Newly proposed regulations to redistribute slots at some of Brazil's busiest airports have stirred up concerns among airlines and trade associations, setting the stage for another controversial development concering the country's airports.
In February, Brazil's civil aviation authority (ANAC) announced that it was proposing new regulations that would use airlines' on-time performances as a benchmark to determine whether they get to keep operating their slots at airports.
Airlines who fail to meet on-time performance requirements face having their slots taken away from them, as well as financial penalties.
ANAC, in announcing the proposed rules, said that they will optimise the use of airport slots and deter airlines from abusing scarce airport infrastructure in Brazil.
While the ANAC's justification might sound logical enough, the airline industry has been united in opposition against the proposed rules, saying that they will penalise airlines unfairly if they lose slots due to factors beyond their control.
The IATA has raised concerns, and believes that the new regulations will in fact harm air travel. The association points to its worldwide slot guidelines as the global standard for slot allocation at congested airports.
"When governments diverge from these, there is a risk that air travellers will be negatively impacted. For example, if Brazil's slot regulations differ from those of other countries, Brazilian airlines may find that in order to comply with their home country policies they cannot comply with those of other countries, to the detriment of air travel and commerce moving between the countries," IATA's head of worldwide airport slots Peter Stanton tells Flightglobal.
IATA and some member airlines have filed comments with ANAC, adds Stanton.
The Latin American and Caribbean Air Transport Association (ALTA) has similarly raised concerns, says its executive director Alex de Gunten. "We are very worried about the approach," he told Flightglobal on the sidelines of the ICAO Air Transport Conference in Montreal on 17 March.
Calling ANAC's draft regulations "unilateral", de Gunten acknowledges that while the use slots at congested airports is a real issue, the agency should work with the industry to identify a solution.
"Brazil has heard our concerns," says de Gunten, adding that he expects to meet with ANAC officials in two weeks to discuss the issue further.
As part of the proposed slot redistribution rules, ANAC has also suggested that it would redistribute the slots at Sao Paulo Congonhas airport to break the duopoly dominance of Brazil's two largest carriers, TAM and Gol. The move would result in the two airlines giving up some slots to the country's third largest carrier Azul-Trip.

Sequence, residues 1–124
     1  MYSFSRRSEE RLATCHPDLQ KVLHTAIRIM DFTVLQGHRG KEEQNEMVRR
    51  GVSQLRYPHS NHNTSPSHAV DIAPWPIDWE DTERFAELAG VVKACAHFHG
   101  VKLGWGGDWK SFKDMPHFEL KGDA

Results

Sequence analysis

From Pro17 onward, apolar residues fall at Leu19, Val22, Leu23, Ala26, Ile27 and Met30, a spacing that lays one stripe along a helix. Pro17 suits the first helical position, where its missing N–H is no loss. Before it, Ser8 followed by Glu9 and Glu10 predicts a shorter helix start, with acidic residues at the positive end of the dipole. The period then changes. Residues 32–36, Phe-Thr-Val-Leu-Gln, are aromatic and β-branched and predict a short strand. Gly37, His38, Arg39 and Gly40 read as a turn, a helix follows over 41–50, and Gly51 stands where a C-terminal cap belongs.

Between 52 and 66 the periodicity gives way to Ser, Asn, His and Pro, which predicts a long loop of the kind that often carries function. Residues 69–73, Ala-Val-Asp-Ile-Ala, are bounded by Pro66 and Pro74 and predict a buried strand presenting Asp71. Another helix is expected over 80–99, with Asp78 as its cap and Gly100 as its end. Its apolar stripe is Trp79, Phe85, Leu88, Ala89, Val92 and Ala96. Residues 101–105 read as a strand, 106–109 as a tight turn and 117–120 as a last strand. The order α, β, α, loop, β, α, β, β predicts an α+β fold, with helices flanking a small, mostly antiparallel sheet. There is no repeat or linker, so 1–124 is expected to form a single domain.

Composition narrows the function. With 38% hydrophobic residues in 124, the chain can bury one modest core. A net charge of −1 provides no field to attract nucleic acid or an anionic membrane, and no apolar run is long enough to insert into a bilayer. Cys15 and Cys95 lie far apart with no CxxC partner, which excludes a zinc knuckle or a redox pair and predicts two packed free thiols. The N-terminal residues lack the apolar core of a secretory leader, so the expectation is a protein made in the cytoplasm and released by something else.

Innovata data for March 2013 shows that TAM has almost half of the available seat kilometres (ASK) on routes out of Congonhas, while Gol holds a 46.7% share. Avianca Brazil has a small 4% share of ASKs. Azul-Trip, which operates to only Rio de Janeiro non-stop from Congonhas, has a negligible share of capacity.
Market share of ASKs on flights out of Congonhas
Source: Flightglobal FlightMaps Analytics
TAM and Gol have reacted negatively to the proposed changes to the Congonhas slots, calling them anti-competitive.
The window for comments on the proposed regulation closed earlier in March, and it is not clear yet when Brazilian authorities plan to impose the regulations if they go ahead, although it is certain that the ANAC would now have to take into account the feedback from the industry.
IATA's Stanton says that the association's guidelines recommend that airports should have a slot performance committee to monitor the use of slots. "Coordinators can identify poor punctuality trends and speak with those airlines that need to improve their performance. Withdrawal of slots should only be an absolute last resort, if the carriers fails to act on or respond to dialogue initiated by the coordinator," he says.
On-time performance data should not be used to determine how slots are given out, says Stanton. "The slot allocation process is a planning tool that starts six months prior to the season start, while punctuality is a daily operational issue affected by any number of factors, such as weather, air traffic management, service disruptions at airports, even labour disputes by air traffic or airport ground staff, none of which is directly attributable to the airline."
In the long term, governments need to realise the value of investing in airport infrastructure so that airlines can respond to air travel demand without having to work in a slot constrained situation, says Stanton.
In Brazil, the domestic air transport market supports almost 940,000 direct and indirect jobs, he points out. It contributes about 42 billion Brazilian reals ($20.9 billion) or 1.3% of the country's gross domestic product when the benefits of tourism are included.
The proposed slot regulations come on the heels of some controversial airport privatisation deals concluded in Brazil in 2012. ANAC had awarded long-term concessions of the Brasilia, Sao Paulo Guarulhos and Viracopos-Campinas airports to private consortiums. IATA director-general Tony Tyler had pointed out that the concessions netted about $14 billion for the Brazilian government, many times the minimum bid. Industry observers have raised concerns that airport fees could go up as a result.
Brazil has said it expects to publish the tenders for privatisation of Rio de Janeiro Galeao and Belo Horizonte Confins airports later this year.